Stutz and Mercer, the American car makes of the early twentieth century can be compared to modern makes such as Ferrari, Lamborghini or Aston Martin. The runabouts were every sporty driver's dream, even though the model only consisted of a chassis with an engine that was too powerful, two bucket seats and a large, round fuel tank. Mercer was already building such sports cars in 1908 and they made the make world famous. The Mercers blew the competition away.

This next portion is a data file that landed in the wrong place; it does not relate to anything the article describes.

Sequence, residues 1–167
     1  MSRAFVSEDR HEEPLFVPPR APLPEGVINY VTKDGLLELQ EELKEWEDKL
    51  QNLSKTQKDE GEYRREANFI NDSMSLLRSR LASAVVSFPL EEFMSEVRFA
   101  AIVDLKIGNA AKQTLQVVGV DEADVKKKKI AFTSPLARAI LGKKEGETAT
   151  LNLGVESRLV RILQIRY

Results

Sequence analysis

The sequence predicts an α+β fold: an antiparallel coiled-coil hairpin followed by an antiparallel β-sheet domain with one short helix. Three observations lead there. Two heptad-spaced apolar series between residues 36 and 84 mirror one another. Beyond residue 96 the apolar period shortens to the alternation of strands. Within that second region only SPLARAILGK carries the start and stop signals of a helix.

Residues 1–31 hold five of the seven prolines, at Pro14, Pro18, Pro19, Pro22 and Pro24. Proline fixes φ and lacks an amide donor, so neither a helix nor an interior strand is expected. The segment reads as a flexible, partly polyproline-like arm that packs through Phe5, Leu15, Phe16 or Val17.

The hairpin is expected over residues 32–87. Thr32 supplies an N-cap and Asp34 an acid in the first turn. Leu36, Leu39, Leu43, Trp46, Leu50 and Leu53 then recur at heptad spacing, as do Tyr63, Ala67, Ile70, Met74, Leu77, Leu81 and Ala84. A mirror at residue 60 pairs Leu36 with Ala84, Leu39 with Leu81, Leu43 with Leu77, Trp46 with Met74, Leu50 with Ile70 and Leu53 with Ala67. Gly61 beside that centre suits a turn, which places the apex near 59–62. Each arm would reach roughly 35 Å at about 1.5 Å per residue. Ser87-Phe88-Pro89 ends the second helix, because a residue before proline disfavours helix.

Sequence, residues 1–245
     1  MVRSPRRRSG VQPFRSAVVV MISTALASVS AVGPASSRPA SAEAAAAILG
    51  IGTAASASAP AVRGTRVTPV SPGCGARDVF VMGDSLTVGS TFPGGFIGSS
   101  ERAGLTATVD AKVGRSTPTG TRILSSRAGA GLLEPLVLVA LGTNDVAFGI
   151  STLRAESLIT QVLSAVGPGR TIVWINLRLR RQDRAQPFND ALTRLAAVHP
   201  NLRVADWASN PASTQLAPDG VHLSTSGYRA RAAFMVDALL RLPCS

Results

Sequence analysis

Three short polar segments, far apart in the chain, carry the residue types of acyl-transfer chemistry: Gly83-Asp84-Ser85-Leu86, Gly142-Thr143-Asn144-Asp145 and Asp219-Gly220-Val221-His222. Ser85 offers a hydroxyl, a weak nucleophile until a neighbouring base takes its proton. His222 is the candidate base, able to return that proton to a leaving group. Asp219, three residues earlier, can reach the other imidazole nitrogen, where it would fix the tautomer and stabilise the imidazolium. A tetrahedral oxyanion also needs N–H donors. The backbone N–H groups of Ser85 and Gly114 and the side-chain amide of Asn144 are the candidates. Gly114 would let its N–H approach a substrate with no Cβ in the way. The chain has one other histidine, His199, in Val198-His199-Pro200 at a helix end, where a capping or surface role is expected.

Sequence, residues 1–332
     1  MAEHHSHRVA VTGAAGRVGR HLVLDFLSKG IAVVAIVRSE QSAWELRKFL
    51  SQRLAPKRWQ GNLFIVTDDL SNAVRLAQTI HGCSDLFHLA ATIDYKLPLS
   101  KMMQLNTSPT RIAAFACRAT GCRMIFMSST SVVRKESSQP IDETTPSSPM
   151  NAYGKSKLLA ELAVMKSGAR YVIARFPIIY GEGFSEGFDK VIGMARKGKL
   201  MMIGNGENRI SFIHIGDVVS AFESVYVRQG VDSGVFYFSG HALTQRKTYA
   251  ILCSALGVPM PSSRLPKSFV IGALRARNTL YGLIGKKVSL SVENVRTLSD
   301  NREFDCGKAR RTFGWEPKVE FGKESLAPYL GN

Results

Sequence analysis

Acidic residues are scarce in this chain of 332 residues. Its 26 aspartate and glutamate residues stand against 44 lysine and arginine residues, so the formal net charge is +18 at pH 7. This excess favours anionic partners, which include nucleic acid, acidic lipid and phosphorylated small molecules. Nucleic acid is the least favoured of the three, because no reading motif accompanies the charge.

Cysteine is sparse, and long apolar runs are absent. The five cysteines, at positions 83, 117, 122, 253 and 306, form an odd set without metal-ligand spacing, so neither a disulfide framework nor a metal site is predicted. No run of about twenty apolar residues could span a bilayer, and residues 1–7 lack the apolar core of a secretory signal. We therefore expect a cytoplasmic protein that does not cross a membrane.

In 1912, one of the make's founders, A. Roebling, died in the Titanic disaster. From then on, the company went downhill. The new owners manufactured new models, but with normal bodies. From 1923 onwards, Mercer only manufactured cars with a six-cylinder engine, they were however expensive.
The cheapest Mercer was a four-seater tourer and cost $3,750. A seven-seater limousine cost $5,000 in those days. These cars were no longer genuine Mercers really. When the customers abandoned the make, the management was forced to close down the company in 1925.
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